Use this URL to cite or link to this record in EThOS: http://ethos.bl.uk/OrderDetails.do?uin=uk.bl.ethos.572914
Title: Rest and restitution : convalescence and the public mental hospital in England, 1919-39
Author: Soanes, Stephen
Awarding Body: University of Warwick
Current Institution: University of Warwick
Date of Award: 2011
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Abstract:
Previous histories have tended to look beyond the asylum for innovations in early twentieth-century mental healthcare. In contrast, this thesis appraises the mental hospital as the nexus for a new approach to convalescent care and makes the case for a more integrated conception of institutional and community care in the interwar period. Despite a concentration of convalescent facilities in certain areas, this study argues that the period between 1919 and 1939 witnessed the emergence of a more standardised and coordinated model of care that traversed institutional boundaries. Consequently, it challenges a prevailing view that sees asylum care as separate from developments in borderline care in this period. It is demonstrated that public mental hospitals after 1919 widely added new convalescent villas within their grounds, whilst voluntary organisations diversified and extended their community-based cottage homes. This thesis explores the reasons for this expansion and seeks to explain the functions it served those who planned, managed and utilised mental convalescent homes. It is argued that those with professional interests in the mental hospital focused on the „modern‟ convalescent villa partly as a strategic response to the low status of mental hospitals in the 1920s, as well as to alleviate overcrowding, and oversee recovery in managed and healthful environments. The spatial and rhetorical connection between the admission hospital and the convalescent villa allowed these interests to claim they formed part of a broader movement of mental hygiene and early treatment. In contrast, patient representations of cottage homes offer an alternative perspective of convalescence as a holiday and break from social demands. Particular attention is paid to the case of the London County Council. The analysis focuses on descriptions of convalescent homes found in organisational records. These are compared with plans and photographs to make sense of the uses such homes served.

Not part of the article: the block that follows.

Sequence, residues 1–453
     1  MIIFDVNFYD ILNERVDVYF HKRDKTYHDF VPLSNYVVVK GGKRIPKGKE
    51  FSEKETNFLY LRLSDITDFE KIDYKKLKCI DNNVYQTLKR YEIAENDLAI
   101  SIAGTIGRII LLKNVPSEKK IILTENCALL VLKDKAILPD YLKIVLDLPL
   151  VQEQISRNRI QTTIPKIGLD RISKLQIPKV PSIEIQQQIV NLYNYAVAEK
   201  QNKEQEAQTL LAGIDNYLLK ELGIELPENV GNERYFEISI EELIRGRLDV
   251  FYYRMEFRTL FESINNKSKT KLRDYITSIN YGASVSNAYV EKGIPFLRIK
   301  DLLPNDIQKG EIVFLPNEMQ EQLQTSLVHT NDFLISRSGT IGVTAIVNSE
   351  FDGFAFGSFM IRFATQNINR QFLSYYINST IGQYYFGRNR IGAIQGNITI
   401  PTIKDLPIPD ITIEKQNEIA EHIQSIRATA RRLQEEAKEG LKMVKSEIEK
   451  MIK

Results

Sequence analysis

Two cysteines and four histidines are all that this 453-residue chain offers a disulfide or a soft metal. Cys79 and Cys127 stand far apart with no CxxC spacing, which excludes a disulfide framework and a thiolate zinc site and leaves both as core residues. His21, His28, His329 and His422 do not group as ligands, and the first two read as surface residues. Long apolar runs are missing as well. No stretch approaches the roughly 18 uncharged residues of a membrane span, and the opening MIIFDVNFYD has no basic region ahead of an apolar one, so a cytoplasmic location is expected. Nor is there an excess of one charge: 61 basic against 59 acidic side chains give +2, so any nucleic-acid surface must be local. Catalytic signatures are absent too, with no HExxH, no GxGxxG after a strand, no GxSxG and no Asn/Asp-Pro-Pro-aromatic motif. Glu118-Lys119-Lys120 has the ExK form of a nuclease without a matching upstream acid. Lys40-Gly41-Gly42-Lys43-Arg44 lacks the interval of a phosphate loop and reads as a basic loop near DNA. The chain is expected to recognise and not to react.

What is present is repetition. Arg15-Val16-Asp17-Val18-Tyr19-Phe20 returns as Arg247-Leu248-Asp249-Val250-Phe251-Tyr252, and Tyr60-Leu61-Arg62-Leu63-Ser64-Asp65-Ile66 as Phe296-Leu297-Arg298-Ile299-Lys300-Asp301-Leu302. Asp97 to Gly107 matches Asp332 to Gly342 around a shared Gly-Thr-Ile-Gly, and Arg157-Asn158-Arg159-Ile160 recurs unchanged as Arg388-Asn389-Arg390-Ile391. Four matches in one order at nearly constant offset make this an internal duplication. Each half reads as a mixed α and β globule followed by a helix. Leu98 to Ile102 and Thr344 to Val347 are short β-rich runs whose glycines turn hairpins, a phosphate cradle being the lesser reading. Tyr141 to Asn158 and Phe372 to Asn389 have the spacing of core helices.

Supervisor: Not available Sponsor: Wellcome Trust
Qualification Name: Thesis (Ph.D.) Qualification Level: Doctoral
EThOS ID: uk.bl.ethos.572914  DOI: Not available
Keywords: RA Public aspects of medicine
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